A recent BBC article:
'The FBI has found evidence that hackers have breached state-based electoral databases in Illinois and Arizona. It issued a warning to US election officials to upgrade their security protocols and be vigilant against future cyber-attacks.
'Although it would be extremely difficult for a hostile actor to surreptitiously alter the outcome of a US presidential election, even a handful of questionable results in key precincts could be enough to cast the entire election results in doubt.
'Hillary's fear: Given the patchwork nature of US electoral systems, each managed by state and local officials, ensuring airtight security is nearly impossible. Against a determined foe, there may be no way to prevent an electoral doomsday scenario that turns a clear-cut Clinton victory into a legal morass. That's not just a Clinton nightmare scenario, it's a national one.'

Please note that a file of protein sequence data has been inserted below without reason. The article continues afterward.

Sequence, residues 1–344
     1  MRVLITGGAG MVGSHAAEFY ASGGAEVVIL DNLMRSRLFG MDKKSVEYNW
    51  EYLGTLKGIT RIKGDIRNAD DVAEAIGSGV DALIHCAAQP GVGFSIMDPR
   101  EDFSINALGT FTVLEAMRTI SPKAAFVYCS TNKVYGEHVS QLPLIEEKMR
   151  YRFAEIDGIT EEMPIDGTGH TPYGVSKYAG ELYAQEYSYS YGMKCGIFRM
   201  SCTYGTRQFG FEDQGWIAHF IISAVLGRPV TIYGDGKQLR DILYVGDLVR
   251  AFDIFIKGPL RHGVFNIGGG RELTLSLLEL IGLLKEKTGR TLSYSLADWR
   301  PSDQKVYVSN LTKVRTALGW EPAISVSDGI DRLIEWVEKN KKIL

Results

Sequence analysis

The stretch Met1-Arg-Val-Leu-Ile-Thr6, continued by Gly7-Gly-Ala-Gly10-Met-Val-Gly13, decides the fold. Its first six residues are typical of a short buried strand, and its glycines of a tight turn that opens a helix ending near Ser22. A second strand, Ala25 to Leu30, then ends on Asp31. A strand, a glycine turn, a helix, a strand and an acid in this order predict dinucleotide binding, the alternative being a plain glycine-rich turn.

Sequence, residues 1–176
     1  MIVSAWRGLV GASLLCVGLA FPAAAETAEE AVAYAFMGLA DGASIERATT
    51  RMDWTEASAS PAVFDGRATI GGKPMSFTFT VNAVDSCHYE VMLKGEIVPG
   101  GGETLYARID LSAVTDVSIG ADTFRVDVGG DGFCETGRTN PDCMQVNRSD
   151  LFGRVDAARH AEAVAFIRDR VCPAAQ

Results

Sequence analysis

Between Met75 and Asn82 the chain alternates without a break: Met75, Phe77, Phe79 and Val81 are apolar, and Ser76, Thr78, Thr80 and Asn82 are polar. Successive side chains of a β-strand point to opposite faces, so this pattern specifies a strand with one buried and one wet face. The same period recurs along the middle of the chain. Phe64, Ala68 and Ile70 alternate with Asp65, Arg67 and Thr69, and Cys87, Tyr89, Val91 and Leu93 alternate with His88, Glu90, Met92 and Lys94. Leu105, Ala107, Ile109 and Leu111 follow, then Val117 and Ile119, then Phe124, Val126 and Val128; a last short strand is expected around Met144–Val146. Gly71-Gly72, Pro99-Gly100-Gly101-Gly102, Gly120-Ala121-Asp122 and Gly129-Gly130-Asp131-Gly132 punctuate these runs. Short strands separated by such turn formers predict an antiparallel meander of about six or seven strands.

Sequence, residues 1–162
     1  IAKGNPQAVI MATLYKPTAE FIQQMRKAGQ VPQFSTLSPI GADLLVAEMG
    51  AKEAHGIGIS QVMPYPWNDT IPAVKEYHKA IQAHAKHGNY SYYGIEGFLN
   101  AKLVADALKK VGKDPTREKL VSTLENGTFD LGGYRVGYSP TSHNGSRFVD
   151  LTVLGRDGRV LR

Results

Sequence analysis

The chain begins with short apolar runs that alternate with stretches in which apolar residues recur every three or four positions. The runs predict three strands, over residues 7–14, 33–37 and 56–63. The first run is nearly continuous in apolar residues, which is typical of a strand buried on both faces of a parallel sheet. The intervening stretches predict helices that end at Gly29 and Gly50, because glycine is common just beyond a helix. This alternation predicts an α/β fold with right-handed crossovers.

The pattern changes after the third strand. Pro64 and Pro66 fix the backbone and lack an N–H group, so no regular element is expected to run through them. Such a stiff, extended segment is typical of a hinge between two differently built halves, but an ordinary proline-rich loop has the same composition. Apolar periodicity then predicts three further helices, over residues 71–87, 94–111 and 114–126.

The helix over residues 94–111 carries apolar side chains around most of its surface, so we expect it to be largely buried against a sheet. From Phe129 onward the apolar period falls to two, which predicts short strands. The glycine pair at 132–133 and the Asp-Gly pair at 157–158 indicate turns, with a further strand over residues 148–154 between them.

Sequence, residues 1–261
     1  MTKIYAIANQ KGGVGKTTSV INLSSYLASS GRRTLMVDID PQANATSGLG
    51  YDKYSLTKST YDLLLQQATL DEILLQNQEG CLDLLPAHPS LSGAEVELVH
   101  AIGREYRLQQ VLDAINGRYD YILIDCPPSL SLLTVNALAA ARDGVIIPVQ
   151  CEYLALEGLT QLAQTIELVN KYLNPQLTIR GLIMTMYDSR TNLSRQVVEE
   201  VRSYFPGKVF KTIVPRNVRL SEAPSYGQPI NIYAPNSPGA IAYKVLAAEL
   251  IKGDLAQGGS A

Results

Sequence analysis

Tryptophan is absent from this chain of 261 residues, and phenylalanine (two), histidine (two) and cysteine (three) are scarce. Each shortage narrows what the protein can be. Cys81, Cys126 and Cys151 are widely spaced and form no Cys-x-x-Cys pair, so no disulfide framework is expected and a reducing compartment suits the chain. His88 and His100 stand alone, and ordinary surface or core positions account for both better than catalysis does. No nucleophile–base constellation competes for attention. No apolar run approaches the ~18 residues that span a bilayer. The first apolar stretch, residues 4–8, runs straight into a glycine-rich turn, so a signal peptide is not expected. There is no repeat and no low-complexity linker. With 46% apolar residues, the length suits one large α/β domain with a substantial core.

The electorate is a feel-good system.
It is a simulacra, not of communal decision-making, but of brief historical moments when sentiment and the mania of public demagoguery held sway over situations that were not addressed in full until they reached a point of public crisis. The worry that it can't be reliably managed on a local level implies that it, of course, shouldn't be managed on a local level. The fact that a large, centralized democratic system could be compromised through either clumsiness or a direct breach goes to show how far our culture has at least seen through it, if it hasn't outgrown it altogether.
Let's move past impersonal decision making.